Discover the work of legendary British photographer Don McCullin (b. 1935). See more than 250 iconic photographs captured over the last 60 years. The exhibition includes poignant images of conflict taken in Vietnam and Syria. These will be shown alongside photographs of the UK, which depict scenes of working-class life in the industrial north and London's East End. On display will be some of McCullin's most recent landscape photography taken in the artist’s home county of Somerset.
In addition to the images shown at Tate Britain, there will be a special selection of photographs depicting life and industrial scenes of Liverpool and other northern towns and cities during the 1960s and 70s.
Alongside these photographs, all printed by McCullin himself in his own darkroom, you’ll have the opportunity to see his magazine spreads, contact sheets, helmet and the Nikon camera which took a bullet for him in Cambodia.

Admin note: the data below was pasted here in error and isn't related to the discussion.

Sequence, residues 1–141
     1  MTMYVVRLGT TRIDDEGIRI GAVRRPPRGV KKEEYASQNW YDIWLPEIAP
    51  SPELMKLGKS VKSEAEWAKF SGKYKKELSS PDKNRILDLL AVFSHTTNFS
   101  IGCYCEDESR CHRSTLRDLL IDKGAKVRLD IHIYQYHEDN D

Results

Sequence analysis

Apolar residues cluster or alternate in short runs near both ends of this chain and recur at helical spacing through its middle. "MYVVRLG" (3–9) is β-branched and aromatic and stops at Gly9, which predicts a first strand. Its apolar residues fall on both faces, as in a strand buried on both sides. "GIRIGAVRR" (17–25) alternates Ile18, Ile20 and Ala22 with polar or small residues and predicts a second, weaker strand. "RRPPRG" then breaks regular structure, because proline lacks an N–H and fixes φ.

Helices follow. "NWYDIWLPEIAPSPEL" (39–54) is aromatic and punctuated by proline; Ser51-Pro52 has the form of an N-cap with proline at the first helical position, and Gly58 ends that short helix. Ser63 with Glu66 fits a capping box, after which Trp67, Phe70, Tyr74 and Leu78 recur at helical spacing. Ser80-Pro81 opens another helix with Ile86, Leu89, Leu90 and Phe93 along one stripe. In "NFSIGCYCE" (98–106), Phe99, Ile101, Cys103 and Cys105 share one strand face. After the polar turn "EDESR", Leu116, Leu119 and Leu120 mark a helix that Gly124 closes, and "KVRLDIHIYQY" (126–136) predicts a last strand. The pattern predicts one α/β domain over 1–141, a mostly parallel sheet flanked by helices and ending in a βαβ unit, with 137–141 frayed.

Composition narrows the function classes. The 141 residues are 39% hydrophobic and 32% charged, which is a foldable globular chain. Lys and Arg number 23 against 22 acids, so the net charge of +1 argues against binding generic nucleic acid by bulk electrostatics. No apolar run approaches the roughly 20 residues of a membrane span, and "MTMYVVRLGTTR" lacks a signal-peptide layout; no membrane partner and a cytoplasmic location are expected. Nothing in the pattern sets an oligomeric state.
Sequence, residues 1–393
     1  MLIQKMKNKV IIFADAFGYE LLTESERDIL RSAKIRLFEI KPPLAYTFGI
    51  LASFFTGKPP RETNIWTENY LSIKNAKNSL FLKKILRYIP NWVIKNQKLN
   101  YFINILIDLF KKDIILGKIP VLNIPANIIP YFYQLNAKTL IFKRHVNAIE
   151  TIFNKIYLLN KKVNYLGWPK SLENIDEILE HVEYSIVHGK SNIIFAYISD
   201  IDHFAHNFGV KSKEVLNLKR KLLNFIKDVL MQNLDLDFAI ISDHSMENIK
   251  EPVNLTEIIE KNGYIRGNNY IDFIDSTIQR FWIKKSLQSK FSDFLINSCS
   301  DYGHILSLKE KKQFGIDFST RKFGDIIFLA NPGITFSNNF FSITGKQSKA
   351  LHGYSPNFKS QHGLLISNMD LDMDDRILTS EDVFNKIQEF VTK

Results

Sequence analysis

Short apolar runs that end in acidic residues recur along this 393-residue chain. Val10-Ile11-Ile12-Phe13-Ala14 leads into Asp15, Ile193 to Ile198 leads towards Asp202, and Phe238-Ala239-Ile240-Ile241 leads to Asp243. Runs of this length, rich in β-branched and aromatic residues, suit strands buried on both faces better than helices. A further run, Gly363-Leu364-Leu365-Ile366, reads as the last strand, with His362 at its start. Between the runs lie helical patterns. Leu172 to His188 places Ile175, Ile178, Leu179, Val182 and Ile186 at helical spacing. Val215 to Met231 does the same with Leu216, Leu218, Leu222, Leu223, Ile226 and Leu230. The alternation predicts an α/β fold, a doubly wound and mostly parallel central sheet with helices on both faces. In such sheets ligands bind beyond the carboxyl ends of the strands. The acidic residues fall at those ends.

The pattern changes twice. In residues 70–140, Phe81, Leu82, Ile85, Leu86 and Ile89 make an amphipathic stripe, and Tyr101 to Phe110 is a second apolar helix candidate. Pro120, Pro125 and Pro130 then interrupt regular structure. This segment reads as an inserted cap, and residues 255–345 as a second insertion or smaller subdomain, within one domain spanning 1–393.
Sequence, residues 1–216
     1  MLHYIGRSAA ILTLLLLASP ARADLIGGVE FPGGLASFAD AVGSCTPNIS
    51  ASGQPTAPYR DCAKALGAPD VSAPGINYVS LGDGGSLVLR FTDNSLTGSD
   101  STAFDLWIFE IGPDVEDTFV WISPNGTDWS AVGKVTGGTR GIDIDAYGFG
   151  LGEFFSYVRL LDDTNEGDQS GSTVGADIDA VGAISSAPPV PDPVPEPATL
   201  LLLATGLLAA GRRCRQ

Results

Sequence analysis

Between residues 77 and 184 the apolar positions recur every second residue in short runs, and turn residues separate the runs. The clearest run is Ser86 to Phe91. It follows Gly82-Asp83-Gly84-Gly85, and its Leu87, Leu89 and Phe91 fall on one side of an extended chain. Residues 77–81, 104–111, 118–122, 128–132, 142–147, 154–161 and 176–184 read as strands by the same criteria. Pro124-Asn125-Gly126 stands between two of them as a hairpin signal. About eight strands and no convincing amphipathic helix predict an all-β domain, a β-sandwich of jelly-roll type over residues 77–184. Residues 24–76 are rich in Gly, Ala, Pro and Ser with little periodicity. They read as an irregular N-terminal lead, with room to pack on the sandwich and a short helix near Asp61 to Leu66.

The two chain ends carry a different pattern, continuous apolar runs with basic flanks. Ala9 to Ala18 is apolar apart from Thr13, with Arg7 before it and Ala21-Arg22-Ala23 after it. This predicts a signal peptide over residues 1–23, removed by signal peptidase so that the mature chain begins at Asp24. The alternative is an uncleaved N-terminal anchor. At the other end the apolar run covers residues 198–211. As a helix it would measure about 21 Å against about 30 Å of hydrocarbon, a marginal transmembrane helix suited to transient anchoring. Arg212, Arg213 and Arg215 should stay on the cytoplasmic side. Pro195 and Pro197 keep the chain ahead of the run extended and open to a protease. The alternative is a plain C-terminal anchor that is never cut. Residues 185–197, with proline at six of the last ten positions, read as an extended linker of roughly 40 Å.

Sir Don McCullin was born in 1935 and grew up in a deprived area of north London. He got his first break when a newspaper published his photograph of friends who were in a local gang. From the 1960s he forged a career as probably the UK’s foremost war photographer, primarily working for the Sunday Times Magazine. His unforgettable and sometimes harrowing images are accompanied in the show with his brutally honest commentaries.